In February Peters held up a sign saying “NO” in response to questions about a large donation from Glenn. And abused reporters trying to pursue the matter. Then last month, when finally his lawyer told him of the donation, we — and, more importantly, the PM — were told that Peters knew nothing about it. Peters didn’t solicit it, we were told.

Now we discover that Glenn specifically says that Peters did solicit the donation, and that if this is the case Peters must therefore have known that it was Glenn’s intention to make the donation, at the very least. Glenn says that Peters thanked him for the donation after it was made, which directly contradicts what Peters told Clark.

Glenn says:

“The payment was made by me to assist funding the legal costs incurred personally by Rt Hon Winston Peters MP concerning his election petition dispute, at his request. Mr Peters sought help from me for this purpose in a personal conversation, some time after I had first met him in Sydney. I agreed to help in the belief that this step would also assist the Labour Party, in its relationship with Mr Peters. I supported the Labour Party.”

Peters is disputing Glenn’s account. He says:

“… “at his request” is not factual and does not coincide with my recollections. I believe that I met Mr Glenn many years ago and on the weekend of 13 August, well before the 2005 election, in Sydney, Bledisloe Cup weekend which is the only time I met him in Australia. The “personal conversation” I believe relates to his conversation with Mr Henry, and the “Labour Party, in relationship with Mr Peters”, seems odd now because months before December 2005 New Zealand First had entered a confidence and supply agreement with Labour on 17 October 2005.”

Actually, Peters’ account doesn’t really contradict Glenn’s, except in one respect. Glenn says that he received the donation request “sometime after” meeting Peters in Sydney, which Peters confirms was in mid-August. That first meeting was only about a month before the 2005 election on 17 September. At the time that Glenn made the donation, about three months later, a donation to Peters would arguably have helped the ongoing relationship between Peters and Labour that the parties had entered into.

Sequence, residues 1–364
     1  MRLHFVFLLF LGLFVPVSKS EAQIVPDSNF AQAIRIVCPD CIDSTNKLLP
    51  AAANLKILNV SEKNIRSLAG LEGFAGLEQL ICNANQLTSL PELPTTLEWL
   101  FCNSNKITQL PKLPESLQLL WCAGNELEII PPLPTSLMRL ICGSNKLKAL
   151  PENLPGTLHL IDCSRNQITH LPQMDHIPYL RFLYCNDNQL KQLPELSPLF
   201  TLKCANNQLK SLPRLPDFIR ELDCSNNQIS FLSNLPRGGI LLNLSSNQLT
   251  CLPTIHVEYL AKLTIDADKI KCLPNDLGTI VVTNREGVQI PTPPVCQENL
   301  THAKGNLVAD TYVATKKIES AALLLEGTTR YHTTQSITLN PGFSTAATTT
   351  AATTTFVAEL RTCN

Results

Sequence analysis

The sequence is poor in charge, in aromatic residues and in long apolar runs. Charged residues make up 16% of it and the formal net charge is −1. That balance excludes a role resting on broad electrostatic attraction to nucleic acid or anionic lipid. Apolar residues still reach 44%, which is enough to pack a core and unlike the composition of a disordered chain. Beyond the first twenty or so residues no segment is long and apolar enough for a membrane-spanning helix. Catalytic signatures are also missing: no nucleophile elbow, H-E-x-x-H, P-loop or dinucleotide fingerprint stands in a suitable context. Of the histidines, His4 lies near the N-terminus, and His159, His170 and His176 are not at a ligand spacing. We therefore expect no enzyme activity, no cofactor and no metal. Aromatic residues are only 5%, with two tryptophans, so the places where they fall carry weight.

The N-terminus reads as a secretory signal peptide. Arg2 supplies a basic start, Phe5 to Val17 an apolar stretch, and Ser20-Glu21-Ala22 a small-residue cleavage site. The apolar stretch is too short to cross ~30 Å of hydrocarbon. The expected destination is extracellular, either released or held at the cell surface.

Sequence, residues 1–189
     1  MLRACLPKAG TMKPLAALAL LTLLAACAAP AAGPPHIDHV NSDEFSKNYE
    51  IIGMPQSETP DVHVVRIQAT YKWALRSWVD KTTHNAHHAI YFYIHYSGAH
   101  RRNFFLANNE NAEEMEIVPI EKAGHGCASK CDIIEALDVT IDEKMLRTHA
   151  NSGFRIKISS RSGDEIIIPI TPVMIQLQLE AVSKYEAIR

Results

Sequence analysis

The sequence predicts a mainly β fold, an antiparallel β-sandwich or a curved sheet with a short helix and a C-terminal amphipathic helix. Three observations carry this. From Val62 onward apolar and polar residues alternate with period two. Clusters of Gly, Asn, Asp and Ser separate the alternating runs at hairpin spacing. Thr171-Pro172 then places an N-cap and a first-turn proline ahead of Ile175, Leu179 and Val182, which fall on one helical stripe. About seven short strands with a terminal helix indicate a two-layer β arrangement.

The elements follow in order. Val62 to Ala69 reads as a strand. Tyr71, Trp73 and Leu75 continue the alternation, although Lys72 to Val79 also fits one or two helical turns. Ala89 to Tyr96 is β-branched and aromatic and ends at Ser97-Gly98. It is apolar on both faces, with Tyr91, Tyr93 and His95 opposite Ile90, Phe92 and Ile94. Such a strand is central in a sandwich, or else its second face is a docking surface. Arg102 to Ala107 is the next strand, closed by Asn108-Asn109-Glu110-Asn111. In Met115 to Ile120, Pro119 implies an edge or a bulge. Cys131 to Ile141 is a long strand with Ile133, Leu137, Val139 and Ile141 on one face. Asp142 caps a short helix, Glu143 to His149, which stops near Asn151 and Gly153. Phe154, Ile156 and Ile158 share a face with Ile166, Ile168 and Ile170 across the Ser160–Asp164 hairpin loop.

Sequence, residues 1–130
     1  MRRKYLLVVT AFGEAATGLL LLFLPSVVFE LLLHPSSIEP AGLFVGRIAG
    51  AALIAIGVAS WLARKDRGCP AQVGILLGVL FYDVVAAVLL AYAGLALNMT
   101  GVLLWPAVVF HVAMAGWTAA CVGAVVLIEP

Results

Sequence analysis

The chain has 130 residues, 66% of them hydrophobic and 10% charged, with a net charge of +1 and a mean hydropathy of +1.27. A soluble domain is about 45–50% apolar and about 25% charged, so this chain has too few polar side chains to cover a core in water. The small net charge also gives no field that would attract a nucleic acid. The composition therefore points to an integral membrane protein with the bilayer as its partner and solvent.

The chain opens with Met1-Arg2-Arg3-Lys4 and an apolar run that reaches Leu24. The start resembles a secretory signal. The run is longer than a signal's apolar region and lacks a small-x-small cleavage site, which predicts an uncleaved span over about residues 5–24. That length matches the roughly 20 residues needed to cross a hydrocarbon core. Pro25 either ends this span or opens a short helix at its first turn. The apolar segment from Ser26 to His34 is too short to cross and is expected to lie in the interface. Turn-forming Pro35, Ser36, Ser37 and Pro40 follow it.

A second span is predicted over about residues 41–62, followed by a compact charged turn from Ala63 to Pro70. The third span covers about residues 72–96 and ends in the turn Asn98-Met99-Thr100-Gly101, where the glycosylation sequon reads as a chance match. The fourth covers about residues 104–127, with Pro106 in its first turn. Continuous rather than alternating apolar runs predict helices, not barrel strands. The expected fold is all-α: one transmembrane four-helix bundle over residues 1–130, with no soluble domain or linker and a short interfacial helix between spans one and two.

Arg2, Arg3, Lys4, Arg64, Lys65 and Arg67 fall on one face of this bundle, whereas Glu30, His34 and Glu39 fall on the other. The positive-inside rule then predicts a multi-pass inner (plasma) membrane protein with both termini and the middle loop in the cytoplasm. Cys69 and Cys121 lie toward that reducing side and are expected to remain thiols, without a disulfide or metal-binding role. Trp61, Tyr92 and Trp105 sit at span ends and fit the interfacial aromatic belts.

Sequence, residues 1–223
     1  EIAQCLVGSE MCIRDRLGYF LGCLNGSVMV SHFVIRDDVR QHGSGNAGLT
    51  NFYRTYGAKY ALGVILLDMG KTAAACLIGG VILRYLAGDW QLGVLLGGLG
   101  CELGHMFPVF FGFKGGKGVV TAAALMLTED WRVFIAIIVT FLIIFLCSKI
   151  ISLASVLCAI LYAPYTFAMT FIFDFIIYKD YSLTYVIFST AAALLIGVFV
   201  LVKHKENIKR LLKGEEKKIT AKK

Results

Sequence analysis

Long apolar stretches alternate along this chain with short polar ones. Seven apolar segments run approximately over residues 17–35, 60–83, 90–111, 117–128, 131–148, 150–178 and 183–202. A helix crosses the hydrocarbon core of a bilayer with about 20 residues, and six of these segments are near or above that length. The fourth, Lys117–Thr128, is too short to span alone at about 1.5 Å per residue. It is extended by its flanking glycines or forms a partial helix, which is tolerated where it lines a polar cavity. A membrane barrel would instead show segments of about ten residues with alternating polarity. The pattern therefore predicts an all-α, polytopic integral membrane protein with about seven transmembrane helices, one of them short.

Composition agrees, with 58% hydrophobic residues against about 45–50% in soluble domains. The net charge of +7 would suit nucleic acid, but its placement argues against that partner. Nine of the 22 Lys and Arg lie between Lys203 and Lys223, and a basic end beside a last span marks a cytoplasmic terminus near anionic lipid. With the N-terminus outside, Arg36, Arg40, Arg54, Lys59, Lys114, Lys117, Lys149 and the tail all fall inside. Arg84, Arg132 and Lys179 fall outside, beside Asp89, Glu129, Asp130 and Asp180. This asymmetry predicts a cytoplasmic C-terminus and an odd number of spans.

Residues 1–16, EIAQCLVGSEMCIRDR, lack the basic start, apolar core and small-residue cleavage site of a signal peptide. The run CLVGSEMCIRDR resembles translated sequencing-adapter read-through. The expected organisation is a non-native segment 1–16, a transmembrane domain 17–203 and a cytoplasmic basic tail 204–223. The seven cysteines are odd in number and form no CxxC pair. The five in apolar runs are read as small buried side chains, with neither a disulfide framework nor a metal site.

The only real difference is over who asked for the donation. Peters had better hope that his erstwhile billionaire donor doesn’t have records or witnesses of telephone conversations. If that is the case, his game would be over. Finally.

[Note: Parliament’s Privileges Committee met this morning to continue its investigation into whether Mr Peters broke Parliament’s rules by failing to declare the donation as a personal gift.

Hmm, and did someone mention gift duty? (Hat-tip: Showmethetaxcut commenting on Keeping Stock]

Winston petering out in Tauranga

August 10, 2008

Winston Peters looks to be losing out in Tauranga to National’s youthful Simon Bridges.

A One News Colmar-Brunton poll of 519 people there has Peters trailing Bridges 28% to 48% with Labour’s Anne Pankhurst at 15%.